Excess deaths 2022: How many extra people are dying this winter - and why the North is being hit hard
Just how many extra people are dying this winter has been revealed by new Government figures
Office for National Statistics (ONS) figures have been released showing an area-by-area breakdown of how many excess deaths have occured in the past eight weeks, and how – in nearly every area in Lancashire – they are worse than pre-Covid days.
What are the figures?
ONS data for weeks 45 to 52 of 2022 show:
- Preston’s had 236 extra deaths compared to a pre-Covid average of 187 (26.2 per cent increase)
- South Ribble had 176 extra deaths (up 3.7 per cent)
- Chorley had 215 extra deaths (up 19.3 per cent)
- Ribble Valley had 91 extra deaths (down 9 per cent)
- Fylde had 193 extra deaths (up 20.8 per cent)
- Lancaster had 289 extra deaths (up 18.5 per cent)
- Blackpool had 335 extra deaths (up 13.3 per cent)
- Wyre had 283 extra deaths (up 16.5 per cent)
Analysis shows significantly more excess deaths are currently being recorded in the North of England and Midlands compared to the South, with pressure on the NHS “likely” to be a factor, The Post can reveal.
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In the four weeks to December 30, deaths in the North were up by 20.6 per cent compared to the pre-pandemic average, while in the South they were up by 14.7 per cent.
The disparity was also evident over the last eight weeks, covering back to the week ending November 11, with deaths in the North up by 16.7 per cent compared to 12.1 per cent in the South and 15.3 per cent in the Midlands.
The difference is the equivalent of an extra 1,107 northerners dying over the last eight weeks, compared to the number that would have died if excess mortality was at the level seen in the south.
Labour shadow levelling up secretary Lisa Nandy described the disparity as “unconscionable”, while a health expert from the Institute for Public Policy Research (IPPR) said the analysis put the reality of health inequality – and the extra burden it puts on the health system in northern regions – into a “stark light”.
While the official measure of excess mortality used by the ONS in its national statistics compares deaths in 2022 to the average in 2016, 2017, 2018, 2019 and 2021, NationalWorld – the parent company of the Post – has chosen to use the pre-pandemic average (2015 to 2019) to avoid any distortion caused by the disproportionate impact of Covid deaths in northern regions. The ONS does not publish its own comparisons at a regional level, and said it could not comment on the trend NationalWorld uncovered.
Concerns have been mounting about the potentially deadly consequences of the crisis gripping the NHS this winter, which doctors have described as the worst they have ever experienced.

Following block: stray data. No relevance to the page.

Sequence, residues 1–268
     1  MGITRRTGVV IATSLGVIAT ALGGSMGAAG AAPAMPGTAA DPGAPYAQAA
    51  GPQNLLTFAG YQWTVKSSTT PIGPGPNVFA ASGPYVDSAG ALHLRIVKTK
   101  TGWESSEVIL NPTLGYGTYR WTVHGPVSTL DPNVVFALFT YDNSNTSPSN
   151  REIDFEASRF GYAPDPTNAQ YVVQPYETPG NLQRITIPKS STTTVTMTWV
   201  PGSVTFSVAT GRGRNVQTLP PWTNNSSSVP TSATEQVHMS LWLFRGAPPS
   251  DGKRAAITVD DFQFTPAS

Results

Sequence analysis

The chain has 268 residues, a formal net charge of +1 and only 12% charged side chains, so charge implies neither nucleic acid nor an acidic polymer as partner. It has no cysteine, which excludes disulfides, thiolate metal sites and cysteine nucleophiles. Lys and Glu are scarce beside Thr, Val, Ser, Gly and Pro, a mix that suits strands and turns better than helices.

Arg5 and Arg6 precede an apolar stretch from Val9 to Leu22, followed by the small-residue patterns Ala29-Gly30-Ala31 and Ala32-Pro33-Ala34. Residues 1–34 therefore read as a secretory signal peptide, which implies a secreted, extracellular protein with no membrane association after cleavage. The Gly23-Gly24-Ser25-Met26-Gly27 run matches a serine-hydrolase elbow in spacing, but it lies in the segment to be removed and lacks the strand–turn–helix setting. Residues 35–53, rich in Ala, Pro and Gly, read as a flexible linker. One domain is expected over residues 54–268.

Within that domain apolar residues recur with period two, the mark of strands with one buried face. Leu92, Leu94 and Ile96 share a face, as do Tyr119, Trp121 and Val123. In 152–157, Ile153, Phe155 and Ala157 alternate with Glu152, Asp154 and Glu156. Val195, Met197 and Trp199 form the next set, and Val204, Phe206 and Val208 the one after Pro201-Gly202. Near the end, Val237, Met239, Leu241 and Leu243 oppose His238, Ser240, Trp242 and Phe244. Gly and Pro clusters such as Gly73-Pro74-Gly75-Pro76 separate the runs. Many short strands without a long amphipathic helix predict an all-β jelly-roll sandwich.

Hospitals in England have been dangerously busy over the Christmas period, hundreds of thousands of callers have abandoned their attempts to contact NHS 111 and tens of thousands of patients have faced delays at A&E after being taken to hospital by ambulance.
Many health experts also theorise that long waiting lists for elective care, or people having put off coming forward over conditions such as heart problems during the pandemic, are also playing into the rise in deaths in 2022.
Chris Thomas, principal health fellow and head of the commission on health and prosperity at IPPR, said existing regional health inequalities – and the greater strain on services that poorer health can cause – means that northern health systems can feel the strain particularly acutely at times of unprecedented demand.
He said: “We saw that during the Covid-19 pandemic where the places that were most likely to experience high levels of infection or high levels of mortality or where the system was particularly under strain in terms of healthcare tended to be places where health inequalities were higher, which was often places like the North East, the North West, Yorkshire and the Humber.
“What we’ve probably seen is a bit of a reiteration of that trend in the last few weeks while we had that really big infection of the flu and Covid-19 twindemic playing out, so I think it’s fairly likely that the kind of pressures that we’ve seen in the NHS over the last few weeks through the winter are playing into this [excess deaths].”
People in northern regions have shorter life expectancies and live fewer years before developing disabilities or health problems compared to southern regions, according to figures from the Office for Health Improvement and Disparities.
Commenting on the higher number of excess deaths in the North, Mr Thomas said: “The sad part of it is that it tracks very strongly with what we knew about health inequalities before as well. We tend to see that for almost every health indicator, whether it’s cancer, cardiovascular disease, respiratory disease, that things like excess mortality, preventable mortality, they tend to track to region, there tends to be a very strong north-south divide.”
The Department for Health and Social Care was approached for comment. It pointed only to comments made by Health Secretary Steve Barclay in the House of Commons earlier this week who said he had discussed the issue of excess deaths in detail with the chief medical officer and the medical director for NHS England.
He said: “The point to note is this is something firstly that has happened internationally. It can’t be ascribed just to one issue as is so often the case.
“Some of the excess mortality will be due directly to Covid itself, albeit that will be a diminishing proportion, but it is also the case that some of the non-Covid excess mortality will be driven by quite a wide combination of factors. I think we have got to be quite cautious when those sort of numbers are bandied around.”